British businesses benefit from being part of the world’s largest trading bloc. But the European Union needs urgent reform if it is to compete against faster growing economies. Too much of the single market remains incomplete including energy and services. All too often the EU adopts a risk averse approach to innovative technologies and imposes stifling labour market regulation. As a result Europe is falling behind.
Politicians differ about how to respond to this challenge. Some believe we should accept the status quo as the only deal available. Others maintain that the EU is unable to reform so the UK would be better off out. David Cameron has rejected the defeatism of both approaches, and has set out a path for a reformed Europe.
The stakes could not be higher. Unless the EU focuses on promoting growth it won’t create the high value jobs that its people want.
That’s why last year the Prime Minister asked me to Chair his Business Task Force on EU Regulation. After endless Labour stakeholder groups it is easy to be cynical. But this one was different – led by serious businesspeople including Marc Bolland and Dale Murray, its remit was to shift the debate in Brussels to competitiveness. Its report made 30 specific recommendations on tackling barriers to growth.
In the few months since the report was published, 6 of the 30 recommendations have been delivered as part of broader developments which reflect growing recognition of Europe’s competitiveness challenge. Tomorrow the Competitiveness Council has the opportunity to promote this agenda further as it meets to debate the internal market and energy.
Energy is one of the biggest costs for business and a benchmark for companies looking to invest. The dramatic impact of shale gas on the US economy has exacerbated the competitiveness gap. Recognising the need for new energy sources the Commission last month rejected calls for a directive on shale that would have threatened investment and undermined the opportunity Europe has to benefit from the jobs and economic security Americans enjoy.
But is not just energy where Europe needs to up its game. The challenge from the US and Asia to be at the forefront of innovation in areas such as pharmaceuticals is immense. Earlier reforms had made the EU a less attractive place to conduct clinical research. Tackling this was identified as a priority by the Task Force and agreement has since been reached on a streamlined approach that is essential to remaining competitive.
Increasing trade is the EU’s raison d’être and as well as completing the single market it must open up new markets. The Task Force called for the completion of Free Trade Agreements and concluding negotiations with the US, Canada, Japan, and India could generate over £20bn of benefits for the UK alone. Initial agreement has been reached with Canada and good progress is being made on the other deals.
A stark illustration of the challenge we face is that a quarter of all young people in the EU are unemployed. They equate to the 17th largest member state. In the UK the creation of 1.5 million private sector jobs has been a crucial part of the improving economy but even here more action is needed. So it is welcome that rules on traineeships will now be left to employers and avoid unnecessarily constraining opportunities available to young people.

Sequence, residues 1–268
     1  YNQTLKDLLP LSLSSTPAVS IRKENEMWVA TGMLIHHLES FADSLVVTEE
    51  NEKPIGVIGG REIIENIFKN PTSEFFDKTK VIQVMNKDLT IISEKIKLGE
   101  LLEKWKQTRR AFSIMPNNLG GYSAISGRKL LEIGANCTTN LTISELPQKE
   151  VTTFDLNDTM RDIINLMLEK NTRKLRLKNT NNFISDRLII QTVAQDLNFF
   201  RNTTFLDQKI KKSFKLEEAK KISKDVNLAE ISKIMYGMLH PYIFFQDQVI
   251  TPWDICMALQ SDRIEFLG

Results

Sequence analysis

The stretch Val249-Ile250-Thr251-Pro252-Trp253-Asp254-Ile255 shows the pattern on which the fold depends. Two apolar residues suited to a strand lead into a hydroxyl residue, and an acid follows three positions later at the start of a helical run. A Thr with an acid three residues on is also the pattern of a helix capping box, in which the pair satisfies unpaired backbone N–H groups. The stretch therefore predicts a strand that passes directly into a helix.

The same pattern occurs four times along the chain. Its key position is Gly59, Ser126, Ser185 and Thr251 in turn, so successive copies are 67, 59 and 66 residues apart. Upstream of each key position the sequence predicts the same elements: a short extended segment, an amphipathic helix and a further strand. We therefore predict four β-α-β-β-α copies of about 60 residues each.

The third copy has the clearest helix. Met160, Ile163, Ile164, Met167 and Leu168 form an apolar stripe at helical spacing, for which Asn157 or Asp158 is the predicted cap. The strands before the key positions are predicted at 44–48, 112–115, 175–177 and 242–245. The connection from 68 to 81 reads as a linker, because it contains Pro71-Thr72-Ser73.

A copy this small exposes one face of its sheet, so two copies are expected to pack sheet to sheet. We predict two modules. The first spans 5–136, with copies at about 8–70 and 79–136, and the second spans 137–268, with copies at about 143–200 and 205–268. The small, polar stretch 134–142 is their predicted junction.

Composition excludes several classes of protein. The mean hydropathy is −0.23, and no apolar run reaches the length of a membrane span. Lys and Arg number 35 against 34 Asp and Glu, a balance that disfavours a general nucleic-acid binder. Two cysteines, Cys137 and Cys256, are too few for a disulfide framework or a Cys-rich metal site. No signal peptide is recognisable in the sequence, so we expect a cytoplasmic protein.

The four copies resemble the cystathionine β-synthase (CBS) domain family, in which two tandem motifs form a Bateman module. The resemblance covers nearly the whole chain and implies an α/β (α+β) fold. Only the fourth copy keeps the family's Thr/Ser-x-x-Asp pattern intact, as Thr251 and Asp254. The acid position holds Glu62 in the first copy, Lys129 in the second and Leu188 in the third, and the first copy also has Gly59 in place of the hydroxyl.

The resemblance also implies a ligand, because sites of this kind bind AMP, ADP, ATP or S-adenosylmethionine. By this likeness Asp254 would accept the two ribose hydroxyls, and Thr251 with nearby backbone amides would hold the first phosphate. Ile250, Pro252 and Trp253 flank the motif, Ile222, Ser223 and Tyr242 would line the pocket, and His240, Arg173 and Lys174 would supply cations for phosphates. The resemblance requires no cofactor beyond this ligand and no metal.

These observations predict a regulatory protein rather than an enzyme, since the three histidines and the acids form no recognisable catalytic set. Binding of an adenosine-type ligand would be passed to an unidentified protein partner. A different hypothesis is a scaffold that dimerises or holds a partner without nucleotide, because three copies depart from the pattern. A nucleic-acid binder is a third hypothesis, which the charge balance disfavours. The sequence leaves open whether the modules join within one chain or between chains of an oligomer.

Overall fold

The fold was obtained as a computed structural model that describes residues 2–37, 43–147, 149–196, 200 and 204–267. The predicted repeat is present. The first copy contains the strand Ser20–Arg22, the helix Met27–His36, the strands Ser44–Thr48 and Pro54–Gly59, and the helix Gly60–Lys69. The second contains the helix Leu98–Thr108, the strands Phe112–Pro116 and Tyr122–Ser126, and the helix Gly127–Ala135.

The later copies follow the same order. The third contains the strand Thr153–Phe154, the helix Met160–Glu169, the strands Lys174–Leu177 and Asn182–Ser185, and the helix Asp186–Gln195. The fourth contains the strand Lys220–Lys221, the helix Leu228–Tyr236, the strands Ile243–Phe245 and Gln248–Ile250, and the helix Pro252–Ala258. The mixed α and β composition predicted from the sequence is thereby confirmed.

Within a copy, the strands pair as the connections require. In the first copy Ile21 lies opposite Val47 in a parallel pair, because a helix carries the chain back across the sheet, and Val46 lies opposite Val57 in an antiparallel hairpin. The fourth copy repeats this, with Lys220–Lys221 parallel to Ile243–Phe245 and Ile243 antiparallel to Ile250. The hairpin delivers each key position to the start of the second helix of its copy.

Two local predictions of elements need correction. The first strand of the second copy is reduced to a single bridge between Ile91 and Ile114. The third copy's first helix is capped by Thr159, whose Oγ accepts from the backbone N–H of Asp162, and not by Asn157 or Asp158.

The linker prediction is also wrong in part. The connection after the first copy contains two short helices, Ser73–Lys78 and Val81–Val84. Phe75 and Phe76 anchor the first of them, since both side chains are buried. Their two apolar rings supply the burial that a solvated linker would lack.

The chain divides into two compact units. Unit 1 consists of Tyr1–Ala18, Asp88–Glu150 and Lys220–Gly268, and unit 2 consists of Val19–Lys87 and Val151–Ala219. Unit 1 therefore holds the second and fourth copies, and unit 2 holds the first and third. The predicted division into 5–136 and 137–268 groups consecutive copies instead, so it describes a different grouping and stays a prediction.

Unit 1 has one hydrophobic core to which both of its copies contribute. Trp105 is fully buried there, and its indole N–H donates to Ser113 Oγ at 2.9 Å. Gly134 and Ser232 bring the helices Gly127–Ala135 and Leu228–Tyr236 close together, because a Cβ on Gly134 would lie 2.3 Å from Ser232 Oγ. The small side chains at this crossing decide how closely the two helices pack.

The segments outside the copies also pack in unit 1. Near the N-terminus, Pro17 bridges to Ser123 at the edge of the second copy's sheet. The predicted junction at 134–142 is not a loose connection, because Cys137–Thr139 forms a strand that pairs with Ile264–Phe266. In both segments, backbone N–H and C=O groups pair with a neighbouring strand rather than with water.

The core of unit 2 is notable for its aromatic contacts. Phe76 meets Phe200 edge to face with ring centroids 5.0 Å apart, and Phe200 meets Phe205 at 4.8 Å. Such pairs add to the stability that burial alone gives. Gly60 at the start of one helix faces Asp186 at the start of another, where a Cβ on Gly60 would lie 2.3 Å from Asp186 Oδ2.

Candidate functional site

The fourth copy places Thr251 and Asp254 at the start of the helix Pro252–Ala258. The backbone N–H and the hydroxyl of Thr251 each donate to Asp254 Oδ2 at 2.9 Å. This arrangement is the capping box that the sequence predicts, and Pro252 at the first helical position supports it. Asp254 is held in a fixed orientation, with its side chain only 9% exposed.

These successes came from building alliances. President Barroso and the leaders of Germany, Sweden, Italy, Poland, Finland, Estonia and the Netherlands met with the Task Force. Those countries, representing all parts of Europe and all political traditions, agree on the need to make more progress in cutting regulation. European business organisations have also united around the Task Force’s COMPETE principles for removing red tape.
It is not just the Commission and the Council that are getting the message. After tremendous work from Conservative MEP Sajjad Karim the European Parliament has just adopted a “Better Legislation” report. This calls for an annual statement of net costs to business of new proposals, regulatory offsetting, and more power to MPs to block damaging proposals.
Incredibly, some opposed this approach. UKIP’s lack of engagement has betrayed British interests before but to vote against the report is a disgraceful move. It is little surprise that Liberal Democrats who have never knowingly said no to more Europe opposed these measures. At least they had a position – Labour sat on its hands rather than backing business.
A pro-growth approach at EU level is essential but we also need to stop gold-plating rules. Last year a review found that the government’s commitment to ending gold-plating had been met. Updated analysis shows that in 2013, there was only one instance out of 76 proposals to implement EU legislation where additional costs were imposed; the Consumer Minister argued it was justified to protect consumers over the use of premium rate help lines.
There has been much debate about our membership of the EU. I am focused on putting deregulation on the agenda in a way that it has not been before. The last few months’ successes suggest a growing appetite for change. We must capitalise on this as part of our plan to negotiate a new relationship. It is only the Conservative Party that will then give the British people their say on our future in Europe in a referendum.